Isn’t this pretty? This was one of our experiments as we finished up our chemistry unit!
One of the chapters in our chemistry book (Real Science 4 Kids-pre-level 1) talked about mixtures. It talked first about how how some mixtures dissolve (like salt in water). Then it went on to talk about soap and soap molecules. We read how soap makes things like butter and grease “dissolve” in water. Detergent is attracted to both oil and water helping them join together.
We did a little experiment to show how soap helps get your dishes clean. We took a couple of baby food jars and put oil and colored water into each. Then to one of the jars we added dish detergent. We all watched as the detergent took its time and then slowly sank down through the layer of oil. We shook both jars vigorously and then set them to the side for 20 or 30 minutes.
When we came back, we could see that the jar without detergent had separated back into two layers — oil and water. In the other jar, the oil and water still seemed to be mixed together. The older kids learned that this is called an emulsion.
While we were waiting for the experiment above to finish we went on to another mesmerizing activity. We’ve done this before and it never fails to captivate us! All you need is milk in a bowl, food dye, detergent and a Q-tip. You place a few drops of dye into the milk, dip the Q-tip into detergent and then very gently place the Q-tip into the water. The colors start racing around. The kids then dipped their Q-tip into the detergent again and gently placed it back in the milk in a different spot. The colors start moving and swirling about. It’s really pretty to watch!
The action in this experiment is a bit complex. Our chemistry book showed how soap molecules have different properties. Our book explained it as one end being “oil-like” and the other, “water-like.” Oil dissolves in the oil-like ends of the soap and becomes surrounded by the water molecules. This experiment shows the movement of molecules as the fat molecules are interacting with the soap detergent molecules.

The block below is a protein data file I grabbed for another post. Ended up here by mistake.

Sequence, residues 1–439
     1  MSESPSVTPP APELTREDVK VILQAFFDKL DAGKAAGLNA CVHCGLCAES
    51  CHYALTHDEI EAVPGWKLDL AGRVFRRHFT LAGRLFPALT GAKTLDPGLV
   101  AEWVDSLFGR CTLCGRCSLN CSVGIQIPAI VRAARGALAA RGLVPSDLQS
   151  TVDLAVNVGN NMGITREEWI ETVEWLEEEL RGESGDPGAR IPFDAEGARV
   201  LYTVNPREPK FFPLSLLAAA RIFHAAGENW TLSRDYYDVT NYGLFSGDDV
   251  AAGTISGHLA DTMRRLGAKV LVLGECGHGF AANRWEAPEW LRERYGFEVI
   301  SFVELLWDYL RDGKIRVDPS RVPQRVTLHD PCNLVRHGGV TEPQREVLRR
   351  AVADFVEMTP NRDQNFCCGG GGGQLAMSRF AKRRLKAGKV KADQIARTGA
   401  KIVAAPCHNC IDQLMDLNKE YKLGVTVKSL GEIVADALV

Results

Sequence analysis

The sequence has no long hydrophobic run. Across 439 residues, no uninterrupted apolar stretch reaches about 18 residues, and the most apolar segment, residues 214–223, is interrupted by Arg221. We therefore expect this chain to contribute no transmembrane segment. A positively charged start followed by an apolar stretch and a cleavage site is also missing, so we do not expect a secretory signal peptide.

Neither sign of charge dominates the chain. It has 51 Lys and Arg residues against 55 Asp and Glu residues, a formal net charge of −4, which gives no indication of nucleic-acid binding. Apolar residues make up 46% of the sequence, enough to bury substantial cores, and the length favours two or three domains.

Steve Spangler explains this milk experiment this way, “The molecules of fat bend, roll, twist, and contort in all directions as the soap molecules race around to join up with the fat molecules. During all of this fat molecule gymnastics, the food coloring molecules are bumped and shoved everywhere, providing an easy way to observe all the invisible activity. As the soap becomes evenly mixed with the milk, the action slows down and eventually stops.”
Other sources explain that other factors are at work here such as breaking the surface tension of the liquid, etc. If your child is older you could discuss those other factors as well.
At any rate, it’s a colorful fun experiment to do with anyone from pre-K on up. Who doesn’t like watching colors swirl and whirl?!
I made a copy of this experiment and the explanation of how it works that you can print off:
Our final experiment didn’t really connect with our chemistry chapter, but was another fun, color experiment to do with the kids. We took skittles and dissolved them in water. (You can also use M&Ms) I had the kids guess whether the colors would mix or stay separate. The older kids, of course, remembered doing this a few years ago, but ED didn’t. We talked about how scientists “make predictions” and then perform experiments to see if their prediction was accurate.
Skittles (or M&Ms) have an edible dye that doesn’t dissolve in water. There was equal pressure from all sides as the dye moved towards one another so the colors stopped moving forward. I explained it to the kids as if we had our palms out and were both leaning a little bit toward each other.
Do you want to do other fun experiments with candy? Be sure to visit this great website, Candy Experiments written by Loralee, a mom of three. I visited the booth they had set up at the USA science and engineering festival last year and the kids loved some of the experiments they had set up!
Science Experiment Pack: Back about five months ago I made a packet of some of our most beloved science experiments. If you’re keen to do science experiments with your kids, here are some of the things that my kids and I have enjoyed a lot:
Download your free Science Experiment Packet
You can find more of our science experiments by clicking on the categories button in the left sidebar. Or, you can find activities related to different science topics we’ve covered such as
- the human body
- earth science
- rocks and minerals
- animal habitats/biomes
Have fun experimenting with your young scientist!!
I’ll be taking some time off with my family and will return next Wednesday with more of our homeschool adventures.
Have a safe and Happy Thanksgiving holiday!
Other fun Chemistry Experiments:
- Chemistry Experiments for Kids (Grade 2) – Matter is Neither Created Nor Destroyed — Acids and Bases – Free Chemistry Experiment Printable Packet
- Chemistry Experiments for Kids (Grade 2) – Mixtures, Chromatography, DNA Kit – Free Chemistry Experiment Printable Packet
- We all enjoyed the IMAX film, Molecules to the Max which is out on DVD (see more about it at this post)